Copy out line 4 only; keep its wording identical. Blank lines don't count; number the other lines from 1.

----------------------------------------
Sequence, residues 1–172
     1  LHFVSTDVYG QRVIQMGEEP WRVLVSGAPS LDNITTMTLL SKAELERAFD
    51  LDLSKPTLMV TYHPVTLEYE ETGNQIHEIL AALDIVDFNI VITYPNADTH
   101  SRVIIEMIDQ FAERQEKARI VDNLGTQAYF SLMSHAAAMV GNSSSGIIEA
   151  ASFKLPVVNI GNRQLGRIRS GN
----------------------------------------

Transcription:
   101  SRVIIEMIDQ FAERQEKARI VDNLGTQAYF SLMSHAAAMV GNSSSGIIEA